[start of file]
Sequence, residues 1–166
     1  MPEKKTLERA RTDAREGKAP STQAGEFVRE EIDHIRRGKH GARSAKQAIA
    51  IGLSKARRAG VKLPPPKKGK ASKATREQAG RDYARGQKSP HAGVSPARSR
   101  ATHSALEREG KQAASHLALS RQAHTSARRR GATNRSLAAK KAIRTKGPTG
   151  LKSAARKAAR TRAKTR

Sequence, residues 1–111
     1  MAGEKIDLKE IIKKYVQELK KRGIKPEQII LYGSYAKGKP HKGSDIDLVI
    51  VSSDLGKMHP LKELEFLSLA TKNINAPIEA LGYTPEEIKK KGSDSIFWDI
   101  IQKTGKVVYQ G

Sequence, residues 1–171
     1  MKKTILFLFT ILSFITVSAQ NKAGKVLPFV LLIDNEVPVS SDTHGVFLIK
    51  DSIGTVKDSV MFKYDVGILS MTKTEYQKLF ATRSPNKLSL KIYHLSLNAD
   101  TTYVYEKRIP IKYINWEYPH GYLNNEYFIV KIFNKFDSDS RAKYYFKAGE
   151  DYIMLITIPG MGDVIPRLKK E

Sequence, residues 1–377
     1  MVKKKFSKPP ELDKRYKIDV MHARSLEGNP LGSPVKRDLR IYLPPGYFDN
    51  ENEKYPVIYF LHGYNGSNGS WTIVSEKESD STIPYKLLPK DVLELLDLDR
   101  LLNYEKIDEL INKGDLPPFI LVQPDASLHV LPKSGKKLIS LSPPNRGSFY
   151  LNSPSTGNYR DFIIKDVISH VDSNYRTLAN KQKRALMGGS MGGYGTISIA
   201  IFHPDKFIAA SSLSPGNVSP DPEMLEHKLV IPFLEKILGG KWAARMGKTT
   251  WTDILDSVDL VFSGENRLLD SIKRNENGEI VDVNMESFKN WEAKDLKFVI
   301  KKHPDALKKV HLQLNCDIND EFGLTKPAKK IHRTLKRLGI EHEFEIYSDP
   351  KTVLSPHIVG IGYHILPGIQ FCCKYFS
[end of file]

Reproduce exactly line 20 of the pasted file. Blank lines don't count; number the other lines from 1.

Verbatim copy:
   201  IFHPDKFIAA SSLSPGNVSP DPEMLEHKLV IPFLEKILGG KWAARMGKTT